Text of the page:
Cyber Leader Education[16]

Achieving these four traits requires education efforts and delivery methods to foster the knowledge, skills, and abilities outlined in the vision of a cyber leader. Instruction from the Cyber Leader College must create problem solving leaders.

The Army Learning Concept emphasizes shifting from previous lecture, instructor-centered material delivery to one that engages “learners in collaborative practical and problem solving exercises that are relevant” to the role they fill in the force. Students gain the required knowledge by preparing to meet comprehension objectives through reading, self-paced instruction, or research. Once students achieve the baseline on their own, the classroom serves as a place for collaborative learning activities where the instructor facilitates discussion in a manner that “constructs” knowledge through student participation.[17] A learner-centric approach allows students to think critically and imparts outcomes that foster not just their competence, but also their ability to continue to develop themselves and subordinates.

Soldiers, with U.S. Army Cyber Command's 780th Military Intelligence Brigade, take part in network defense training. (U.S. Army Photo)

Winning in today’s complex and challenging operating environment requires cyber leaders who are not just competent in a broad array of skills, but who also possess initiative, agility, confidence, and can develop adaptive thinking through the Adaptive Soldier Leader Training and Education model developed by the Asymmetric Warfare Group. Educating for broad, intangible problem solving skills allows for a force prepared to shift to fight new adversaries and anticipate the need for innovative approaches instead of focusing solely on knowledge gained from previous conflicts and instruction.[18]

Design for Experience challenges cyber leaders with solvable but complex problems focused on current operations. Instructors coach, while learners lead the discussion and problem-solving process, applying knowledge gained in preparation. There is no single solution; students may solve the designed experience in a variety of ways that focus on the broader acquisition of new knowledge, skills, and abilities to apply in the Cyber Mission Force.[19] All classroom experiences must allow the students to learn through experience to fully engage learner-centric, outcomes based approaches.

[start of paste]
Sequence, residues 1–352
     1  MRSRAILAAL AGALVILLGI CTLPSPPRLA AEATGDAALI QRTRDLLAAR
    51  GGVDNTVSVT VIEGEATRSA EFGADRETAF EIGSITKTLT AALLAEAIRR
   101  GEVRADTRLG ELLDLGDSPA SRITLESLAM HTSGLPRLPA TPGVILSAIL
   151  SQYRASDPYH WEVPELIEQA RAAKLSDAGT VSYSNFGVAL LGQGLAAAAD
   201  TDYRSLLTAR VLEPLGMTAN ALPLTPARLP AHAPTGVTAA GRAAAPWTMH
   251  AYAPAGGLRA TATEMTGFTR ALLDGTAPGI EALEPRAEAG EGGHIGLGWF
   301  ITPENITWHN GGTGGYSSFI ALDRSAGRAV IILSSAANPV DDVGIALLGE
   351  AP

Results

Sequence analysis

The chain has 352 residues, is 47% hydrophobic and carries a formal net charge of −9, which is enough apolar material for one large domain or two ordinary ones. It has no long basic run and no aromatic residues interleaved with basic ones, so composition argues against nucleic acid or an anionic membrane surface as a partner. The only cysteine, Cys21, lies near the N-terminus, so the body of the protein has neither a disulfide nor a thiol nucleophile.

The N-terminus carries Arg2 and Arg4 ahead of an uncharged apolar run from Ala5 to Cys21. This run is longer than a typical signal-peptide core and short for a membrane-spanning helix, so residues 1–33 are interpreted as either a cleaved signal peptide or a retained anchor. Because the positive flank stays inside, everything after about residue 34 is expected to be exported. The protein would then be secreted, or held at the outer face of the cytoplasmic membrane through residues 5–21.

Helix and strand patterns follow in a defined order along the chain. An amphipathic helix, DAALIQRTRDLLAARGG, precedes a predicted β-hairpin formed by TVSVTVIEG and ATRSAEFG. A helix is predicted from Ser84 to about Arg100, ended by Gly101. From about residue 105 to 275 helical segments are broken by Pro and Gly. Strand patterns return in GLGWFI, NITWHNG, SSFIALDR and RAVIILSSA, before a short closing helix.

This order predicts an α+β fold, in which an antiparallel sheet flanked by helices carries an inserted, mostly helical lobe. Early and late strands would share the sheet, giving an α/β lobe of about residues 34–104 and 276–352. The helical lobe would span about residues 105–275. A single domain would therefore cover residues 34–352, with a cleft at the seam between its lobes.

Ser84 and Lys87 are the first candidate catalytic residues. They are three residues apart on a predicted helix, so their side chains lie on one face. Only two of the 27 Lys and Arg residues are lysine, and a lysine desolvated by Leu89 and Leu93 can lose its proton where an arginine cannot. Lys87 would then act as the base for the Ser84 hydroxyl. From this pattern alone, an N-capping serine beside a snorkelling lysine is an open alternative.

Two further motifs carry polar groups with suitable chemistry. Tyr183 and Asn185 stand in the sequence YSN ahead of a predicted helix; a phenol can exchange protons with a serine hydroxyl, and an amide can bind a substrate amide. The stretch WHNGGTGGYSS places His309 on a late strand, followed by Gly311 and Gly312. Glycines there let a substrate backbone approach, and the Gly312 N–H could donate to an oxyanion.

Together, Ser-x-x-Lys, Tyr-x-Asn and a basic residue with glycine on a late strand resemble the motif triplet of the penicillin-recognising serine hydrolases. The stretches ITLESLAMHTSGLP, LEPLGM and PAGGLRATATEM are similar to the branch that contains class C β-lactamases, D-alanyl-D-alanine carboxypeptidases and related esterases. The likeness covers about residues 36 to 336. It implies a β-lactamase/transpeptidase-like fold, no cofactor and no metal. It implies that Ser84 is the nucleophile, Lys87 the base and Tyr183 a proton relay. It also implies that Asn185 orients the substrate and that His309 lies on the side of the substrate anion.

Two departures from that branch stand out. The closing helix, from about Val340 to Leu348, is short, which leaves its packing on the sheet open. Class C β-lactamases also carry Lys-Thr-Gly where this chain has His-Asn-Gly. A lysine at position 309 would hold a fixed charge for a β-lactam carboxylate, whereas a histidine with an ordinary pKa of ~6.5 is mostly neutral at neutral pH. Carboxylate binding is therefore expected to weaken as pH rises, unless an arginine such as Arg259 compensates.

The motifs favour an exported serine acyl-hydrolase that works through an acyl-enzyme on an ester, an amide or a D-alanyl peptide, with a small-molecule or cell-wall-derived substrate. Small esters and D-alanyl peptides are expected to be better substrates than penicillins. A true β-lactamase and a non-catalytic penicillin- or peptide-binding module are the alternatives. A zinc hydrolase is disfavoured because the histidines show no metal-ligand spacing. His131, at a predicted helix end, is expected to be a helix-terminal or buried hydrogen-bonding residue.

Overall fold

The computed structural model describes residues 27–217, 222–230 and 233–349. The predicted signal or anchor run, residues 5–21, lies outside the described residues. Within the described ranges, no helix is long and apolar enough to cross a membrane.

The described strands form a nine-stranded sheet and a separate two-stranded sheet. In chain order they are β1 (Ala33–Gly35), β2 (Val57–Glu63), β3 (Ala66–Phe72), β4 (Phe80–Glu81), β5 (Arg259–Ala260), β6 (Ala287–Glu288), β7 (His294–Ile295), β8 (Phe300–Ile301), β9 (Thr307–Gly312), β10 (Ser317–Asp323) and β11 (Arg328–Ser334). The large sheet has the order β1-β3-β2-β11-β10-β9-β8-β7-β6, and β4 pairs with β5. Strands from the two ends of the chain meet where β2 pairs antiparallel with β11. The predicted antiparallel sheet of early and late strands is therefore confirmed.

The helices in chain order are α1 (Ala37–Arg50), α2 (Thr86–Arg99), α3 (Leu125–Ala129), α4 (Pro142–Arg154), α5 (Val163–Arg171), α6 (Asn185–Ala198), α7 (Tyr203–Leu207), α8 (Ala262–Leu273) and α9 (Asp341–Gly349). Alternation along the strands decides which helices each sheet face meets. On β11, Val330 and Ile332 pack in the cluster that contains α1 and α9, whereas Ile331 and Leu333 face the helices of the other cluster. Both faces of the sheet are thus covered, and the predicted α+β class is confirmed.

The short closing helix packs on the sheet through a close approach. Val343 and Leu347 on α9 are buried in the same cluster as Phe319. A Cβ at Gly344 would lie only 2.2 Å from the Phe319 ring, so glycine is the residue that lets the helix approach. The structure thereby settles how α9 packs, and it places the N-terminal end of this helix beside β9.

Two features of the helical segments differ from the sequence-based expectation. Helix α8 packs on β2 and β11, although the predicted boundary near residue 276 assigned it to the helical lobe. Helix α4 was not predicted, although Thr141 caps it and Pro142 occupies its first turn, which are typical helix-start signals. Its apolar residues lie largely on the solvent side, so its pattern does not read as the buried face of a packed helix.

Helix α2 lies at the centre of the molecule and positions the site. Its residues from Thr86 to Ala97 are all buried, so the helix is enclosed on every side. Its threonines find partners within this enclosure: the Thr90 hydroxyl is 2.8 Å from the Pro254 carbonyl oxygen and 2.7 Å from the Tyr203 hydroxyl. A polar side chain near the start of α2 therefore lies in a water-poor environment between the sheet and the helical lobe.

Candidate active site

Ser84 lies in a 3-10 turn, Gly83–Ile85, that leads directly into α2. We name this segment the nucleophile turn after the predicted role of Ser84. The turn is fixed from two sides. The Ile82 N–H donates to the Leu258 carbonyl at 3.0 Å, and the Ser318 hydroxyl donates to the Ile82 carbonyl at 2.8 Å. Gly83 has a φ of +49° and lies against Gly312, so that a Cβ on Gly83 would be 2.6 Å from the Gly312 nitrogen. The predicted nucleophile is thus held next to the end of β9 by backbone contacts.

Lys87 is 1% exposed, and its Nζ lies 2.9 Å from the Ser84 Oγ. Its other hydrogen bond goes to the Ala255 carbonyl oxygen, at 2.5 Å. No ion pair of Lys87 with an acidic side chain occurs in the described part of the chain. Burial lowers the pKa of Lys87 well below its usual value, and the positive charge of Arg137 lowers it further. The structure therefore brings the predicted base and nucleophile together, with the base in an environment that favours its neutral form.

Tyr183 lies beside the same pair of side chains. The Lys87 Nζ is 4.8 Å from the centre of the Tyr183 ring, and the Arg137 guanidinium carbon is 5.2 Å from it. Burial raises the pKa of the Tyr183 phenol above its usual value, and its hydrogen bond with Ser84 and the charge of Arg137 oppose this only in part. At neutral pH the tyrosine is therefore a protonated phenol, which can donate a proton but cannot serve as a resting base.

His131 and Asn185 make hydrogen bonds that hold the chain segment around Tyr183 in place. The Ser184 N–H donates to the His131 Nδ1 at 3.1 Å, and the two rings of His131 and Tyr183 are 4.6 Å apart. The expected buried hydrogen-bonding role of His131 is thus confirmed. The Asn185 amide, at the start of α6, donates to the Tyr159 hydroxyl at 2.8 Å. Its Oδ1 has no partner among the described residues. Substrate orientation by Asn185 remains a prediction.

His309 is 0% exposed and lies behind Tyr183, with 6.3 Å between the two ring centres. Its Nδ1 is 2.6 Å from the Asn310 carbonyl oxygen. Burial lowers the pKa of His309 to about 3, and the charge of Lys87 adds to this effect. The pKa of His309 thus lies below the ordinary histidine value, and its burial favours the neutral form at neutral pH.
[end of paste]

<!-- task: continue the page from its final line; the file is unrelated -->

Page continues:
The Joint Force, U.S. Army, and Cyber Mission Forces all require competent and entrepreneurial leaders who develop themselves and others and are operationally focused. Failure to do so will lead to tactical, and ultimately strategic struggles, no matter how technically skilled the force. These cyber leaders must adapt faster than their adversaries, anticipate needs from the Joint Force, and develop innovative tools, processes, and methods that empower commanders to achieve their objectives. Through a learner-centric, outcomes based focus on education, the Army can create these leaders through experience in the classroom.  Perhaps more importantly the army can create networks between leaders, and provide space in which these leaders can continue their own development.

Charlie Lewis is a Cyber Operations Officer and serves as the Chief of the Cyber Leader College at the U.S. Army Cyber School. Charlie is a 2004 graduate of the United States Military Academy and holds a Master in Public Policy from Harvard University. He currently serves as a Madison Policy Forum Cybersecurity Fellow and as an Assistant Editor for Army Cyber Institute’s Cyber Defense Review. The views expressed are his alone, and do not reflect those of the U.S. Army, the Department of Defense, or the U.S. Government.

The author would like to thank the support from the US Army Cyber School during the development of this article.

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Header Image: The Cyber Operations Center on Fort Gordon, Ga. (Michael L. Lewis)


[1] Fort Gordon Public Affairs Office, “Army Cyber Branch Offers Soldiers New Challenges, Opportunities,” Military.com, November 26, 2014, retrieved from http://www.military.com/veteran-jobs/security-clearance-jobs/2014/11/26/army-cyber-branch-offers-soldiers-new-challenges-opportunities.html on May 17th, 2016.

[2] Training and Doctrine Command, “TRADOC Pam 525-3-0: The U.S. Army Capstone Concept,” Headquarters, United States Army Training and Doctrine Command, Fort Eustis, VA: 2012, pp 21.

[3] Ibid, pp 21.

[4] Office of the Chief of Cyber. “Cyber Branch,” Draft: DA-PAM 600-3, Human Resources Command, 2015, 1.

[5] Zachary First, “Technology Changes, Good Management Doesn’t,” Harvard Business Review, Accessed from www.hbr.org on April 8th, 2016, Cambridge, MA: April 7th, 2016.

[6] United States Army, “Army Leader Development Strategy 2013,” Headquarters, United States Army, Washington D.C.: 2013, pp 6.

[7] Army Capstone Concept, pp 21.

[8] Training and Doctrine Command, “TRADOC Pam 525-3-1: The U.S. Army Operating Concept,” Headquarters, United States Army Training and Doctrine Command, Fort Eustis, VA: 2014, pp 24

[9] Army Operating Concept, pp 11.

[10] Training and Doctrine Command, “TRADOC Pam 525-3-3: The U.S. Army Training Concept,” Headquarters, United States Army Training and Doctrine Command, Fort Eustis, VA: 2014, pp 68.

[11] Army Leader Development Strategy, pp 7.

[12] Alvaro Cuervo, Domingo Ribeiro, and Salvador Roig, “Entrepreneurship: Concepts, Theory and Perspective. Introduction,” Entrepreneurship, edited by Alvaro Cuervo, Domingo Ribeiro, and Salvador Roig, Springer: New York, 2007, pg 1.

[13] Army Operating Concept, pp 22.

[14] Peter Drucker, Innovation and Entrepreneurship, Harper & Row, New York: 1985, pp 180.

[15] Cuervo, pp 3.

[16] The education of cyber leaders nests within the U.S. Army Cyber School draft training strategy “Training for Effect” by Ryan Tate.

[17] Training and Doctrine Command, “TRADOC Pam 525-3-2: The U.S. Army Learning Concept,” Headquarters, United States Army Training and Doctrine Command, Fort Eustis, VA: 2012, pp 19.

[18] US Army Asymmetric Warfare Group. Preparing Soldier and Developing Leaders for Decisive Action, White paper 2013, pp ii-v.

[19] C. Hoadley, & P. Kilner, Using Technology to Transform Communities of Practice into Knowledge-Building Communities, ACM SIGGROUP Bulletin 25.1, 2005, pp 31-40.